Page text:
Denver Water manager says it’s no longer ‘evil empire’
Denver Water and its longtime Western Slope adversaries are close to resolving a series of disputes in ways that will make it easier for water to flow out of faucets on both sides of the Continental Divide.
Both sides at the Colorado River Water Conservation District’s annual water seminar at Two Rivers Convention Center outlined a broad-stroke “roadmap” to the settlement of water disputes that long have separated Denver and the Western Slope.
“Denver Water was certainly at one point the evil empire,” Denver Water General Manager Jim Lochhead told about 200 people at the seminar. “We live in a much different time today.”
Denver Water, however, and the Western Slope face increasing water demands and pressing court dates in long-lasting litigation.
Likewise, River District General Manager Eric Kuhn said, “We’re under pressure from the federal court to do something.”
Attorneys for Denver Water and other water organizations won a weeklong stay Wednesday in the beginning of a trial on a case in federal court in which Denver Water’s handling of its Blue River decree is at issue.
That litigation could be set aside next week once an affidavit attesting to the progress of the parties is filed under seal in the court, River District spokesman Chris Treese said.
Denver Water also wants to get about the business of expanding Gross Reservoir near Boulder, Lochhead said.
The agency, which serves 1.3 million people and is the state’s oldest and largest water utility, needs the flexibility to move water around its system. It’s looking to the settlement to offer Denver Water the kind of flexibility it needs to manage its system, Lochhead said.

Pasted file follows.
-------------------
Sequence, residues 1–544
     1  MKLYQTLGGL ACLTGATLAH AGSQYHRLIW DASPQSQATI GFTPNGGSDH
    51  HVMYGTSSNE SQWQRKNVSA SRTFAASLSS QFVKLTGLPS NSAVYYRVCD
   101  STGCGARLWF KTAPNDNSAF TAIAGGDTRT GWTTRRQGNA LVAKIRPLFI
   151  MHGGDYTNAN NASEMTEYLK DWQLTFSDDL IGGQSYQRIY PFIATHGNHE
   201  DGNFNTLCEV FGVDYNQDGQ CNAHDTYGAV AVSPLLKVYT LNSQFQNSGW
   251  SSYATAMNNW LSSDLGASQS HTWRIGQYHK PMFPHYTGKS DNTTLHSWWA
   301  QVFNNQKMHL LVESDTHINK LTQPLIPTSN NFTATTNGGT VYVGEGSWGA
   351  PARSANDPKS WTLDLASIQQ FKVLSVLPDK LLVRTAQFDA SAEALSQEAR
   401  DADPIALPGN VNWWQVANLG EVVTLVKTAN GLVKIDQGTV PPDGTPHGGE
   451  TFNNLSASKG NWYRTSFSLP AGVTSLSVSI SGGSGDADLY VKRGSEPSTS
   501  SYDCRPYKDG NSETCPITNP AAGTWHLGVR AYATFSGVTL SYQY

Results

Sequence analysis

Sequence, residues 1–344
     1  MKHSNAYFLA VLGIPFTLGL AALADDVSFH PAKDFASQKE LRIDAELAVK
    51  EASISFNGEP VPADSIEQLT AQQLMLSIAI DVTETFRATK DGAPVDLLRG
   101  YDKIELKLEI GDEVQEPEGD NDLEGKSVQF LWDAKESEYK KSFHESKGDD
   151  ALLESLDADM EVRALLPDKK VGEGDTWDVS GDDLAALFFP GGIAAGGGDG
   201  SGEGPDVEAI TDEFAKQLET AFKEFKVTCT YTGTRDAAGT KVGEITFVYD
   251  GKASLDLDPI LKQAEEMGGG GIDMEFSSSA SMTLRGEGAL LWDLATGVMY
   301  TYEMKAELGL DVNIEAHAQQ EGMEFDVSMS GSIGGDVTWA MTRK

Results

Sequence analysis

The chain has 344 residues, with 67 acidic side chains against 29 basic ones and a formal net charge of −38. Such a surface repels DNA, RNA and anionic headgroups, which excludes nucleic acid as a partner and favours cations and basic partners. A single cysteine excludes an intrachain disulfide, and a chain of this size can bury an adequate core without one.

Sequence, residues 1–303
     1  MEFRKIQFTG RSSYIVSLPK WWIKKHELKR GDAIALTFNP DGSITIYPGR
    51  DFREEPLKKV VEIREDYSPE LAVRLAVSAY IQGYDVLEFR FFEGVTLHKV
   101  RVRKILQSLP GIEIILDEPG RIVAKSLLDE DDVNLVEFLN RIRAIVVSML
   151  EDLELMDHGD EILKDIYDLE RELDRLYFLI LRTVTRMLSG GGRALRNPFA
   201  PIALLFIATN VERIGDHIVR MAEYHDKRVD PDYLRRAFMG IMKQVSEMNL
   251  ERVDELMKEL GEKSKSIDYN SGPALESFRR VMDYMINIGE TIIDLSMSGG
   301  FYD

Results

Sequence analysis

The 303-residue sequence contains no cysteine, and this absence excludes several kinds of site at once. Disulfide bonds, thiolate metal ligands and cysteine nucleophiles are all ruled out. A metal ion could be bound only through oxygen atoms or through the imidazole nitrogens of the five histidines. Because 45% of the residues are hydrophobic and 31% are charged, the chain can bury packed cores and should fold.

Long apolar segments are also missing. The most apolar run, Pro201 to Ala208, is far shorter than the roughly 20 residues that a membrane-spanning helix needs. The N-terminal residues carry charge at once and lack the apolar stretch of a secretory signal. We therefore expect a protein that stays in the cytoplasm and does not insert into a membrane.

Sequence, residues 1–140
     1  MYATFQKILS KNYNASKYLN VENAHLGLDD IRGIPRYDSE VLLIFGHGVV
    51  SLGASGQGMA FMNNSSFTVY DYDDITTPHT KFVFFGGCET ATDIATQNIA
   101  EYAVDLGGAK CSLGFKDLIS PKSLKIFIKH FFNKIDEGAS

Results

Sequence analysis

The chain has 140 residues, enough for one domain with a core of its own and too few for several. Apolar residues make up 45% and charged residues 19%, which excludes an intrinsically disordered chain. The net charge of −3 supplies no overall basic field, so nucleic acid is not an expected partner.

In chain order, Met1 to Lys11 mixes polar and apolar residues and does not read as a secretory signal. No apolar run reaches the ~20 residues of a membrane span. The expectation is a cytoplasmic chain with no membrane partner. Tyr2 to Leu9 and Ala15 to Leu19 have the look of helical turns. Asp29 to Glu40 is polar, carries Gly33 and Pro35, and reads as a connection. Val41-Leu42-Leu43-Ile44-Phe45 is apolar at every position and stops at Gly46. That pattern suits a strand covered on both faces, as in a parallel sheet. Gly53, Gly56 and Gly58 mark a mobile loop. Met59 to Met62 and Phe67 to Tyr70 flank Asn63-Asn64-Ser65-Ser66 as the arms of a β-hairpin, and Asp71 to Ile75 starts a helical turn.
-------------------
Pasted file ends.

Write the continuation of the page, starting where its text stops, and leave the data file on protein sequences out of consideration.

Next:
In addition to completing the Blue River decree, which refers to the stream that fills Dillon Reservoir, one of Denver’s largest water supplies, the agreement would limit the size of the Denver Water service area. It also would offer the Western Slope assurance that Denver Water would take no action to obtain more water without cooperation from the Western Slope.
Once it’s complete, “This will be one of the most comprehensive agreements that’s ever been negotiated in the state of Colorado,” Lochhead said. “I’m looking at this agreement to forge an entirely new paradigm” in relations between the Front Range and Western Slope.
Lochhead was a Glenwood Springs water attorney until earlier this year, when Denver Mayor John Hickenlooper tabbed him to succeed Hamilton “Chips” Barry, who planned to retire. Barry died before his retirement, however.
The agreement will give the Western Slope, primarily the River District, a greater voice in the operations of the Shoshone Power Plant.
The Shoshone plant generates 14 megawatts of electricity from turbines spun by the Colorado River, and its 1902 water right ensures water will flow from the headwaters of the river to Glenwood Canyon and below.
If Shoshone was unable to call water downriver, the Grand Valley’s domestic, agricultural and industrial needs, as well as those of four endangered fish species, would have to be met by other sources, notably the Roaring Fork and Fryingpan rivers. They join above Glenwood Springs, and those waters flow into the Colorado River in Glenwood Springs, below the Shoshone plant. Plateau Creek in De Beque Canyon also could be called down to meet the Grand Valley requirements, leaving some of those junior water rights to go unfilled.
Exactly how the Western Slope protections afforded by the Shoshone Plant’s water right can be continued indefinitely wasn’t immediately clear. Those negotiations are confidential, Grand Junction attorney Mark Hermundstad said.
Details of the agreement eventually will be included in court filings, and several agencies will have to sign off on them, Kuhn said.